Cricket's first Test to replace Irish coach as Bracewell quits
John Bracewell will not be the man to lead Ireland into the new era of Test match cricket.
Cricket Ireland and Bracewell yesterday bowed to the inevitable and mutually agreed that he will leave his post as head coach when his contract ends at the beginning of December.
The early agreement means that Cricket Ireland will have almost five months to pursue and appoint a successor to ensure a seamless handover, and former coaches Adi Birrell and Phil Simmons will be in the frame.
Unlike Birrell, who guided Ireland onto the World stage for the first time by qualifying for the 2007 World Cup, and Simmons, who won 12 trophies in eight years of unparalleled success, Bracewell has endured a hard time with an ageing team and a dearth of talent coming through.
They only qualified for the World Twenty20 in third place after losing to Papua New Guinea and Hong Kong and in the finals they failed to get out of their group, losing to Oman and the Netherlands. They have plummeted to 17th in the world in the shortest format of the game.
They have also lost a three-match one-day international series in Zimbabwe and have seen former Associate rivals Afghanistan move clear of them in all three formats, culminating in a 7-2 defeat on their recent tour.
Admittedly, Ireland have played seven of the top eight nations in the last year but it was the size and manner of the succession of defeats which has been worrying, at a time when the Irish need to be closing the gap as they prepare to play even more matches against what are now their peers, after being elevated to Full Membership status by the International Cricket Council last month.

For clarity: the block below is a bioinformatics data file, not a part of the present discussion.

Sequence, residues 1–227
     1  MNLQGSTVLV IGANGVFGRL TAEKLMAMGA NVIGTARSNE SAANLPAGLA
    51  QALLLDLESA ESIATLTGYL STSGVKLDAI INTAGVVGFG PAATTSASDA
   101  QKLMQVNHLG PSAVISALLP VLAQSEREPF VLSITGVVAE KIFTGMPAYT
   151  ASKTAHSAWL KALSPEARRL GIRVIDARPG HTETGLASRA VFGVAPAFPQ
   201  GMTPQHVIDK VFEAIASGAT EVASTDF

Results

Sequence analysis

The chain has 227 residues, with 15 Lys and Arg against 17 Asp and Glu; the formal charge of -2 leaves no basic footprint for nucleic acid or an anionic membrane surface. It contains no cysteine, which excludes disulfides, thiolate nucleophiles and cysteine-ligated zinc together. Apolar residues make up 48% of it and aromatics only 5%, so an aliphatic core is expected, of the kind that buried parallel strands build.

In his statement yesterday, Bracewell said it was a mutual decision because he did not want to coach a Test nation again, having had six years of what he described as the “full-on Full Member road” with New Zealand back in the 2000s.
“I took on the role as head coach because I believed in the little guy getting a fair break and the cause of attaining Test status appealed to my underdog psyche. That having been achieved, albeit by an unexpected turn of events, has left me looking for a new goal and challenge,” said Bracewell.
“Before my departure there are still a mountain of things to be put in place in assisting (Performance Director) Richard Holdsworth and the coaching staff in preparing the Irish players for this new, exciting and very tough future. For the players there is the small matter of the Inter-Continental Cup to win, and a West Indies team to beat.”
Those three games — the next against the Netherlands at Malahide starting on August 15 — are the only scheduled fixtures between now and the end of Bracewell’s contract, which officially ends after the I-Cup game against Scotland in the UAE on November 29-December 2.
Cricket Ireland chief executive Warren Deutrom praised the 59-year-old Bracewell’s passionate endeavours.
“John is a man of great integrity who has offered a great deal to Irish cricket’s cause in the last two years,” said Deutrom. “He is admired by the players and his colleagues at Cricket Ireland and deserves both our sincere thanks and appreciation for his hard work, commitment and contribution.
“This mutual decision has been made as we focus on next year’s World Cup Qualifier and future Test team, and our need to build an approach to deliver success over the coming years within a new performance structure, and as a new ICC Full Member country.”
Holdsworth added his praise for Bracewell in what has been a difficult 18 months in charge and said he still had important work to do.
“John has immersed himself in the role, blooded and developed several new players (there have been eight new caps during his reign so far) and has helped lay the foundations of a new coaching structure to build on.”
Bracewell’s next assignment, which he will still fulfil, will be to travel with a strong Ireland Wolves side for their final three-day game against the MCC Young Cricketers at Southgate, starting next Wednesday.